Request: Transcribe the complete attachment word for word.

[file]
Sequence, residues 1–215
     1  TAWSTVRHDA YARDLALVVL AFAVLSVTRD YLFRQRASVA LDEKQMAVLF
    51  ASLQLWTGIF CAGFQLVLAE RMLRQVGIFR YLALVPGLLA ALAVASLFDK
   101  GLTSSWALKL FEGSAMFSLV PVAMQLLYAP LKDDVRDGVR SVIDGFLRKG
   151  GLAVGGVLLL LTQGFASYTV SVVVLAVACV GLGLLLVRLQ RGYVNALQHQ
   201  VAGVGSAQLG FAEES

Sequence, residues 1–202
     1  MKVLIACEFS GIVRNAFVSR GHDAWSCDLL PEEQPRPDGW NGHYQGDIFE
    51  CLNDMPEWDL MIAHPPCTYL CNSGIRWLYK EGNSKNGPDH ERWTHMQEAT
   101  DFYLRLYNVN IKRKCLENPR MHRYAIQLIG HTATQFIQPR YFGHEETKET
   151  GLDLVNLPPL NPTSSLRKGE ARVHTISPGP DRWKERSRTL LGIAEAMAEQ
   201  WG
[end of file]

Sequence, residues 1–215
     1  TAWSTVRHDA YARDLALVVL AFAVLSVTRD YLFRQRASVA LDEKQMAVLF
    51  ASLQLWTGIF CAGFQLVLAE RMLRQVGIFR YLALVPGLLA ALAVASLFDK
   101  GLTSSWALKL FEGSAMFSLV PVAMQLLYAP LKDDVRDGVR SVIDGFLRKG
   151  GLAVGGVLLL LTQGFASYTV SVVVLAVACV GLGLLLVRLQ RGYVNALQHQ
   201  VAGVGSAQLG FAEES

Sequence, residues 1–202
     1  MKVLIACEFS GIVRNAFVSR GHDAWSCDLL PEEQPRPDGW NGHYQGDIFE
    51  CLNDMPEWDL MIAHPPCTYL CNSGIRWLYK EGNSKNGPDH ERWTHMQEAT
   101  DFYLRLYNVN IKRKCLENPR MHRYAIQLIG HTATQFIQPR YFGHEETKET
   151  GLDLVNLPPL NPTSSLRKGE ARVHTISPGP DRWKERSRTL LGIAEAMAEQ
   201  WG